I can't believe my girl is going to be 11 years old in about a month. I can't believe she has lived with diabetes now for almost 2 years. While there are many joys to watching her grow and become more independent, there are many bumps and moments of frustration for me. One of them is carb counting.
I don't think Alex left our sight for at least 6 months after she was diagnosed. And it took me quite a while to allow her to go somewhere without family or very close friends. In the past year, we have loosened up quite a bit and for a while it worked decently enough. She would take her phone and supplies. We would make sure the adult in charge was aware of her diabetes and how to treat a low. Alex would call or text when she was eating something or if she had a number out of range for advice.
As time as gone on, she has become less willing to communicate with us. Case in point this weekend...she went with a friend on Saturday to a local mini-amusement park. She left around 10 AM. By 2 PM I hadn't heard a word out of her. I tried texting her. I tried calling her. Her dad did the same thing. I tried texting her friend. That finally got a response out of her. She said she was 197 and she hadn't eaten anything or had any lows. They were headed to eat now but she wasn't sure she wanted to eat or come home. Fast forward to 4 PM and I try calling and texting her again. She texts back that I ask too many questions and she is on her way home anyway. Wrong answer!
She comes in all huffy and says she is getting her bathing suit and swimming at her friend's house. I ask if she ate and she says she had a small burger and nothing else. Her dex shows 279 and double arrows up. I ask for her pump while she changes. Now up to this point I haven't lectured or judged that I can tell anyway. I've asked for information and made no comments about her management or choices.
Her pump shows she had an 82 around 1 PM. It is the ONLY time she tested the entire day. It shows she bolused 3.1 units for about 25 carbs around 3 PM. She did NOT test first.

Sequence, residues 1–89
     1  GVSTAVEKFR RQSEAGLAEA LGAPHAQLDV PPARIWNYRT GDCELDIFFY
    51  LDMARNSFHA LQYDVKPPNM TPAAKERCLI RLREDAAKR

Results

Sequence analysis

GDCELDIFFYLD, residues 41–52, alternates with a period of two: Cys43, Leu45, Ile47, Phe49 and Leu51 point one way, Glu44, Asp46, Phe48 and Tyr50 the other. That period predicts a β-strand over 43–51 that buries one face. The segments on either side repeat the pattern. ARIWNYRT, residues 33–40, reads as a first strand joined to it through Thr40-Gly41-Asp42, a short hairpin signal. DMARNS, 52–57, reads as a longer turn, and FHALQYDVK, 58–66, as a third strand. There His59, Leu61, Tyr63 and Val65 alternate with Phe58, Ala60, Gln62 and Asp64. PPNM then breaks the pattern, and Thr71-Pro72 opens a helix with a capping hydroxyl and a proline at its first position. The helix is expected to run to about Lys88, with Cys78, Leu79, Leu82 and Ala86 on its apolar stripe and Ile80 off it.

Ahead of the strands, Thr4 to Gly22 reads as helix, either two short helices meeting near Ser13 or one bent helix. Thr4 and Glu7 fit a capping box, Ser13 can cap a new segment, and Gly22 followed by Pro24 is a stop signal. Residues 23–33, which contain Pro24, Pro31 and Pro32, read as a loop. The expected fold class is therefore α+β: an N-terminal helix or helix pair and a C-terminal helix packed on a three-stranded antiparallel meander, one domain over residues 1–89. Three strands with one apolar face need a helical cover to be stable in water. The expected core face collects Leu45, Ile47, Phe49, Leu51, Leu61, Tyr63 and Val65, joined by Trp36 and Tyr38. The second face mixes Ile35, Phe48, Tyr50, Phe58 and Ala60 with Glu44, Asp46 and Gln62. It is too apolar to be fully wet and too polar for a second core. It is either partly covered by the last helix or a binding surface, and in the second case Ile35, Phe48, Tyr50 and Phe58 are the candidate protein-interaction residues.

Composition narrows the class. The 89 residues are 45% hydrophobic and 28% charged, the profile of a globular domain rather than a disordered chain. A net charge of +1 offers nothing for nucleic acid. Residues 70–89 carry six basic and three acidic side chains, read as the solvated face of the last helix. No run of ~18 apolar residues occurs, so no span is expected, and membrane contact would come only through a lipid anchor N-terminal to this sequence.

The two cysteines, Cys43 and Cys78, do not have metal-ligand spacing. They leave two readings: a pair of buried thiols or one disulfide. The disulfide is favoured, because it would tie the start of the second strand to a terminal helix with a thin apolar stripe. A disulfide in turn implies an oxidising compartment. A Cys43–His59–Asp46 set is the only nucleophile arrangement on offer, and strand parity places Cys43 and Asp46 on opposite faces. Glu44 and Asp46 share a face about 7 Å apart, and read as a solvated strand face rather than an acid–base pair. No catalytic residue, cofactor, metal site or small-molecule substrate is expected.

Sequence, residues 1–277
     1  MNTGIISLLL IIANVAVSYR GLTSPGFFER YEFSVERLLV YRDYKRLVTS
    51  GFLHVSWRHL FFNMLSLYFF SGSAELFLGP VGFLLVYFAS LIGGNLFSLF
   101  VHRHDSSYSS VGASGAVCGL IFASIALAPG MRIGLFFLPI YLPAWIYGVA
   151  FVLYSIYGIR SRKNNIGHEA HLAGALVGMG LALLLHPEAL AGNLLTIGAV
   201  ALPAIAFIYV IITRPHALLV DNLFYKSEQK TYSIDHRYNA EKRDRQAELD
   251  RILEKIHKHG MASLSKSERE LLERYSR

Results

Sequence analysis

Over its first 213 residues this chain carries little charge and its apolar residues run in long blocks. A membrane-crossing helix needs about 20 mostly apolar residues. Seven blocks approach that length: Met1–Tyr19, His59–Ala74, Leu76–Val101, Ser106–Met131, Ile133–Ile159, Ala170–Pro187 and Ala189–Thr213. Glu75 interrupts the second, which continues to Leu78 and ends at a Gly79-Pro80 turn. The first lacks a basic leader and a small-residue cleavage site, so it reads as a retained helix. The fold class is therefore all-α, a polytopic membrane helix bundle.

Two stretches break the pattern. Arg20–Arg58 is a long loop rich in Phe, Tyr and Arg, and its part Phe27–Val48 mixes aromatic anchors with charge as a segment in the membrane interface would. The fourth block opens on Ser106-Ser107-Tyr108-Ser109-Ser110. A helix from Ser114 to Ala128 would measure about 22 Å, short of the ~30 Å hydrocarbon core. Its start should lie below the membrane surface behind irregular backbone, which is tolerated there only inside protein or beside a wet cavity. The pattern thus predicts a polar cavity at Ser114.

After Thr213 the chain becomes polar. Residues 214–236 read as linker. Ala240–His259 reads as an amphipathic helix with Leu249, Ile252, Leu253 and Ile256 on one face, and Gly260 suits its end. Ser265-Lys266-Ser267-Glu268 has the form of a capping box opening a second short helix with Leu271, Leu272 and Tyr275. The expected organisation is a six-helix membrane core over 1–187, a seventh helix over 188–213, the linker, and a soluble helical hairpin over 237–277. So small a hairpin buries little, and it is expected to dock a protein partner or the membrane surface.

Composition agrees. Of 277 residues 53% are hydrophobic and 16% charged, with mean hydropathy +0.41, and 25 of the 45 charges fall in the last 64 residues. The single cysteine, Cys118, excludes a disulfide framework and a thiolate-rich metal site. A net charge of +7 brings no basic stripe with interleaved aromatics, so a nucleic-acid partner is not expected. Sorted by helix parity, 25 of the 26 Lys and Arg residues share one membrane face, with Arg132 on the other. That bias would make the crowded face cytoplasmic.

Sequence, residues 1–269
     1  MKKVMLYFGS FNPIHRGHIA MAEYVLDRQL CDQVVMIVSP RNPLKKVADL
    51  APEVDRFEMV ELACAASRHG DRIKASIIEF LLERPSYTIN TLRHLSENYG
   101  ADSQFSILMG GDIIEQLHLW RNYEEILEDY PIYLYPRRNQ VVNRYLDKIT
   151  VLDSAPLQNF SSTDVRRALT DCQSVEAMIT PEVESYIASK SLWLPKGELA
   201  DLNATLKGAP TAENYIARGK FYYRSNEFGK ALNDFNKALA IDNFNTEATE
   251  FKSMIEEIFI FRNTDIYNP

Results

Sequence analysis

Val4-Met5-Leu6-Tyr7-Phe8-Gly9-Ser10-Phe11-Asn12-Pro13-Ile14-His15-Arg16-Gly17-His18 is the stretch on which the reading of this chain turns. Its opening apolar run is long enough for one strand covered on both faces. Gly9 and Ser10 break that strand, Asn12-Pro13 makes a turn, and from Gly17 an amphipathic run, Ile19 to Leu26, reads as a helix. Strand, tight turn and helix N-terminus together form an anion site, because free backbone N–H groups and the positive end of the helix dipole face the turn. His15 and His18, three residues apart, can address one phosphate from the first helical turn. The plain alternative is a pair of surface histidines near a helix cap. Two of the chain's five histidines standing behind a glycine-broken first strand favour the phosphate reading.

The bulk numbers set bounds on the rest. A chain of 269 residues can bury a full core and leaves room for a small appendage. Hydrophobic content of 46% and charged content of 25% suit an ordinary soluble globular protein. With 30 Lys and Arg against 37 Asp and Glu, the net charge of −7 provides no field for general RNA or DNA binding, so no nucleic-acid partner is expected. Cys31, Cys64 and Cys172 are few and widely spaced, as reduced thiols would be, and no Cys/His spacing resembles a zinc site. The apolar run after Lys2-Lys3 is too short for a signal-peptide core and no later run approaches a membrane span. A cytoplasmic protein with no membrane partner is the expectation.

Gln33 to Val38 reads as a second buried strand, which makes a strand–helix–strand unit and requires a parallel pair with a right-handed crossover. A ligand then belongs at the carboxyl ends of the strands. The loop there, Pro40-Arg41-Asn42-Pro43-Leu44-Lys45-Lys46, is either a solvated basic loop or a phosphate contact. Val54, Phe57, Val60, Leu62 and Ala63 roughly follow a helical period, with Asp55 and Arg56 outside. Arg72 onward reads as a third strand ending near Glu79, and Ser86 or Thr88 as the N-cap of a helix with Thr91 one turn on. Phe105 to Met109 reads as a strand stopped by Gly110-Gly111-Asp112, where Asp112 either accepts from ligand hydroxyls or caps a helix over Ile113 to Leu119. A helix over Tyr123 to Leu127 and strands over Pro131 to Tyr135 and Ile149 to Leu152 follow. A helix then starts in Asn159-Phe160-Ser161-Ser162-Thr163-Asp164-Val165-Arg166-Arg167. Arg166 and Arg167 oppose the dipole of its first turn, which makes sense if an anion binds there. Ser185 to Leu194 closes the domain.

Her friend is in the living room with me while Alex changes and I ask her what they had for lunch. Her friend says they had burgers and fries. I decide because her friend is there I'm going to table the conversation until after swimming. Part of me wanted to say your staying home but I chose not to make a scene in front of her friend about Alex's diabetes care (or lack thereof). Plus, she is high and swimming will help anyway!
She comes home about an hour later and asks about having a sleepover. At this point her dad and I decide it's time for a talk. We explain that being independent is a privilege. Yes, it sucks to have diabetes (as she vents to us). But you have to take care of it. I ask her why she didn't tell me she had an 82 when I asked her if she had any lows. She said that wasn't low. I asked if she did anything when she was 82. She said she had 4 tablets. I asked her why. She said she "felt low". That was a reason to text or call then! I asked if she had a burger or burger and fries. She said she had both. I asked her how she came up with 25 carbs. She said she "guessed" because "you always guess". I explain there is a difference between guessing wildly and guessing because you've eaten for example pizza once a week and have an idea of the carb values when they are not available for a given restaurant. And the fact of the matter was she ate at a chain restaurant and the carb count for burger and fries was 70g. She could have texted me to check the carb count (and is supposed to). She said texting "takes too long". She could have looked on her iPod touch with has the Calorie King app. Again, "that takes too long".
We explain a sleepover is not happening this weekend. She starts crying and screaming that we are unfair and that it's only because she has diabetes. I try to explain that it is more a matter of trust and responsibility. You have these rules to follow. If you can't follow them, you don't get privileges. She's 355 by the way at this point and not being reasonable. Finally we send her to her room because the conversation is going nowhere fast.
Later that evening, we talk some more and she says she is sorry for not checking the carbs. I hug her and try to explain to her that it does indeed stink that she has to do these things but that she FEELS better when she stays in range. She enjoys her friends more when she stays in range. She agrees.
I guess all I can do is keep focused on the path and try to encourage her to take the time to do what she needs to do and enforce the rules set forth for independence. I don't know what else to do. Sometimes I want to get down on the floor with her and kick and scream that it isn't fair and that I hate diabetes too.